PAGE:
Anyone else notice the (serious) connection between a bad night sleep and poor dietary choices? Simply put, lack of sleep = deep exhaustion = give me junk food = can't stop eating. I know you know what I'm talking about.
I feel that many of us are so focused on eating healthy and making good dietary choices, that we forget just how important it is to get enough shuteye. In reality, sleep is a major factor in the health equation and may even dictate what we crave, when we eat, and how much we eat. I decided to bring in the sleep experts from the Tuck Sleep Foundation - a community dedicated to improving sleep hygiene, health, and wellness - to give us a bit more info about the sleep-hunger connection. Here's what they have to say:
Why We Crave Junk Food When We're Sleep Deprived
Sleep deprivation can increase cravings for junk food and binges. It's how you end up in a drive-thru lane late at night, or crave donuts in the morning after a long night.
When you don't get enough sleep, it's especially tempting to binge on junk food. Your impulse control is weakened, and production of the hormones that control feelings of hunger and satiation are altered.
When you're sleep deprived, it's tough to get through everyday life, much less stick to good nutrition habits. But with better sleep, you can adopt a more healthy lifestyle and support yourself as you eat well.
What Sleep Deprivation Does to Hunger Hormones
Sleep deprivation alters the production of hormones that affect hunger and satiation. This can trick your hunger cues and make you feel as if you need to eat more even when you're full.
When you're well rested, your hunger hormones are well regulated and effectively tell your body when you're full, when you should eat, and when you should stop eating. But when you don't get enough sleep, production of these hormones is not regulated properly, and can send cues that encourage overeating and poor food choices.
Ghrelin is the hunger hormone. It's responsible for telling your brain when you're hungry and should eat.
Leptin is the satiety hormone. This hormone tells your brain when you're full and should stop eating.
When you're sleep deprived, production of ghrelin and leptin is unbalanced, with a decrease in leptin production and an increase in ghrelin production. That means your hormones are sending signals to your brain that you are more hungry and less full, which can make you eat more than you should -- maybe even hungry and tired enough to eat junk food you know it's best to avoid.
Sleep and Self Control
While your hormones are sending confusing signals to your brain, your self control is weakened, making it difficult for you to resist junk food cravings when you're sleep deprived.
Sleep deprivation reduces your self control, influencing junk food cravings and poor nutritional choices. And you're less likely to feel energized enough to exercise, so you may not work off extra calories, either.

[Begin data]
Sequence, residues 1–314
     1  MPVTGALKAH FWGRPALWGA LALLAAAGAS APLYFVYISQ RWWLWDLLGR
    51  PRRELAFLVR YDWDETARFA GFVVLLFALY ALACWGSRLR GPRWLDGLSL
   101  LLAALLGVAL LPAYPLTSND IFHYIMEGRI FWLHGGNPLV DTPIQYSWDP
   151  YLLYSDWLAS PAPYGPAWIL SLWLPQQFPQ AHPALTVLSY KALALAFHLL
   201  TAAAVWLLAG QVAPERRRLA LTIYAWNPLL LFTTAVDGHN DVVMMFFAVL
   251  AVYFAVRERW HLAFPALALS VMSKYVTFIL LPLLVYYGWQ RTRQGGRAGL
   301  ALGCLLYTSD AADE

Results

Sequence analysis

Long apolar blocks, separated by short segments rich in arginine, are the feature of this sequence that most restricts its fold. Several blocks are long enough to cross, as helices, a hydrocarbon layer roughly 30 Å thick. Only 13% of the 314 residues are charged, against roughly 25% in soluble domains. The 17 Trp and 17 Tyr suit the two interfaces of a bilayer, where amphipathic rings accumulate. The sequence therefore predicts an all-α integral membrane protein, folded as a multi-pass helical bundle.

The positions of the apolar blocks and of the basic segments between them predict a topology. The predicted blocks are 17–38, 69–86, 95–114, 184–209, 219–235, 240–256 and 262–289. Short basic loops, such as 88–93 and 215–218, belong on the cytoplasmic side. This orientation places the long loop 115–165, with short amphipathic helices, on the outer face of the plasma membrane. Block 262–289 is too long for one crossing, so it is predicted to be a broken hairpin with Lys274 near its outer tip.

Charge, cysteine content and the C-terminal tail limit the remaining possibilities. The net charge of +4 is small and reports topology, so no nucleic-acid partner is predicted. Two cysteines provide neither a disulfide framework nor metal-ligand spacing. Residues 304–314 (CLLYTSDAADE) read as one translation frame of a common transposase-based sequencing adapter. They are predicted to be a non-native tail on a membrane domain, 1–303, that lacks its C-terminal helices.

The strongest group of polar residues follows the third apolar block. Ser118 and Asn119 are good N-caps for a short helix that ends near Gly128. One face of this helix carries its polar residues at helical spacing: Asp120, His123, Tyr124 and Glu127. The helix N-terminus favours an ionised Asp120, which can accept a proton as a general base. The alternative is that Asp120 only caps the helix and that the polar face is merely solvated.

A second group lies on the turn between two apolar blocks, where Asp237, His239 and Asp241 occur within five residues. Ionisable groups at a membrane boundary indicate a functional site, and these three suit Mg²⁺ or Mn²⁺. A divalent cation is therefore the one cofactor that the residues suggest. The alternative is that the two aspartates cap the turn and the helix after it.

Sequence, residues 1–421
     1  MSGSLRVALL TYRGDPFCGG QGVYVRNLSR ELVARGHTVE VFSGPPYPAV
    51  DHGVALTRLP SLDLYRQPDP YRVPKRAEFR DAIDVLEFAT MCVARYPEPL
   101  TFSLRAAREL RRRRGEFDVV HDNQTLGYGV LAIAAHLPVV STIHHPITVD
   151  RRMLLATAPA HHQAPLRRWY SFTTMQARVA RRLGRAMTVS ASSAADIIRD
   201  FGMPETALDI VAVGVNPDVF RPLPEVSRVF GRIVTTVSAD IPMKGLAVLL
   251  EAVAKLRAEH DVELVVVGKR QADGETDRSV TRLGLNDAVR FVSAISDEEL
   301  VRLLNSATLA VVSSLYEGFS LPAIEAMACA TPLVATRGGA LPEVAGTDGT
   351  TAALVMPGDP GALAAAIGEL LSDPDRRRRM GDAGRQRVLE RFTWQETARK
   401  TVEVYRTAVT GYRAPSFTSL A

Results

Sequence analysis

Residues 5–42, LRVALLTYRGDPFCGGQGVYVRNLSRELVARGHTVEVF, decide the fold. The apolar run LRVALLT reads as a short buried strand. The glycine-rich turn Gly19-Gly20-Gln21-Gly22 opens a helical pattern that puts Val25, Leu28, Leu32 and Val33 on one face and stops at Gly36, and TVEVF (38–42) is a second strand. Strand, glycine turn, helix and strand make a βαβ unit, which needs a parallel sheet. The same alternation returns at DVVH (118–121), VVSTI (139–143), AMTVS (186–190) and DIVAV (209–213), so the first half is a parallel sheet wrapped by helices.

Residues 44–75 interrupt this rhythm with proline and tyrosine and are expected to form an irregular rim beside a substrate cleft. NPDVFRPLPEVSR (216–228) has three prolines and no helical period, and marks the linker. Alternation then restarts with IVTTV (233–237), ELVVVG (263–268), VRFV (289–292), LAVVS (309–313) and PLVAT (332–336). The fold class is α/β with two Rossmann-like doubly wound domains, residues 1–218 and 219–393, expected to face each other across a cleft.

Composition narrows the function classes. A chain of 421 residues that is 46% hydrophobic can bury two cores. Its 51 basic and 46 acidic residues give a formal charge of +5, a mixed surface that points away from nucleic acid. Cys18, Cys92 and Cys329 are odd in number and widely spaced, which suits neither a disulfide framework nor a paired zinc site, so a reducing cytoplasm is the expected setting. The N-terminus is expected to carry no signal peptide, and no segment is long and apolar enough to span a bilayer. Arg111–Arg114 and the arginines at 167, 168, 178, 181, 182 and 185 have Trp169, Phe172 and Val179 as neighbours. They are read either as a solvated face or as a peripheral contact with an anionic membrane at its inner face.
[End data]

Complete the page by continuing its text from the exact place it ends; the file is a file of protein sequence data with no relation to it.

People who are sleep deprived often struggle with self control, and are more likely to:
Eat bigger portions
Give into cravings for foods rich in fats and carbohydrates
Snack late at night
Consume more calories overall
Drink less water
Consume more carbohydrates and high carb snacks
How to Sleep and Eat Well
When you sleep well, you're better prepared to make good nutritional choices. Your hunger hormones are appropriately regulated so you get the right cues when you're hungry or full, and your self control is stronger, so you're more able to resist the temptation of junk food cravings.
You can improve the quality and quantity of your sleep to support good eating habits with these tips:
Make sleep a priority. You probably have a lot of demands on your time, making it tempting to sleep less and do more. But sleep is the most important thing you can do at night, because it prepares you for a better tomorrow. Plan your schedule so that you have at least eight hours to rest each night, as the average adult needs seven to seven and a half hours of sleep, plus time to fall asleep and wake up.
Create a healthy sleep environment. It's not just the quantity, but quality, of sleep that matters. Eight hours of tossing and turning isn't restful enough to support healthy habits. Make sure your bedroom is a comfortable place to sleep, keeping it dark, cool, and quiet. Choose a mattress that fits your needs for comfort and support.
Maintain healthy sleep habits. Good sleep habits can improve the quality of your sleep as well. Create a regular bedtime schedule, and follow a consistent bedtime routine that will help you feel sleepy and fall asleep more quickly when it's your usual time to go to bed. Take care to avoid habits that can interfere with healthy sleep, such as consuming caffeine or alcohol late at night, eating a heavy meal before bed, or exercising in the hours just before you go to sleep.
Don't stress about missteps. If you struggle to sleep well for a few nights here and there, don't be discouraged. One night isn't enough to make you completely fall off the wagon of healthy sleep. Focus on maintaining healthy sleep habits overall and staying as consistent as possible, even if you slip up now and then.